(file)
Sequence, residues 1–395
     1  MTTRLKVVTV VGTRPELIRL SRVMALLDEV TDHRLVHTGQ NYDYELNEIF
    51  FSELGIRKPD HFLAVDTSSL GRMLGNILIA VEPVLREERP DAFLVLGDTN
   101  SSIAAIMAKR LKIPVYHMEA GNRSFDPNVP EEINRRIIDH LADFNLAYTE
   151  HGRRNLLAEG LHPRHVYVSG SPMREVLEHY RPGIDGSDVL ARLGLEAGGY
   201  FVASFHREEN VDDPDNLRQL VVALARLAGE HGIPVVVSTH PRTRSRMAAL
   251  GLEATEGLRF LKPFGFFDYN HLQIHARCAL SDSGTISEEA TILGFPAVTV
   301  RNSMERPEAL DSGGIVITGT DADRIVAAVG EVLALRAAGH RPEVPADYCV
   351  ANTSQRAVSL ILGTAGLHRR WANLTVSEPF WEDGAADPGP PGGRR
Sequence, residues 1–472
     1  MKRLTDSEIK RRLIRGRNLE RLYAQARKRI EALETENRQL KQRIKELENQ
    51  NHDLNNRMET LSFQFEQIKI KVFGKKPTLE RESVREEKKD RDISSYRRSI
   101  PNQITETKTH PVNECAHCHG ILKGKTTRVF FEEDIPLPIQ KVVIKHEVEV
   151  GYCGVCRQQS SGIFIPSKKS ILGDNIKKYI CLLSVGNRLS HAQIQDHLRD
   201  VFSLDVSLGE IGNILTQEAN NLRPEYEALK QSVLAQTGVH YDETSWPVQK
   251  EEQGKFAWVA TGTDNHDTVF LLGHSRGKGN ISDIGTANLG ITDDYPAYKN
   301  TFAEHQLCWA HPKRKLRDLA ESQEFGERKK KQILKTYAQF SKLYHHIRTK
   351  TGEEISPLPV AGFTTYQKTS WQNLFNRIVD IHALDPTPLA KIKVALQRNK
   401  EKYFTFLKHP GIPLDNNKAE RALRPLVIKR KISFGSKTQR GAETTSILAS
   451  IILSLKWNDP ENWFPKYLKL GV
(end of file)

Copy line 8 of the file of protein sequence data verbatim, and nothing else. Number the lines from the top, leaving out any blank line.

   301  RNSMERPEAL DSGGIVITGT DADRIVAAVG EVLALRAAGH RPEVPADYCV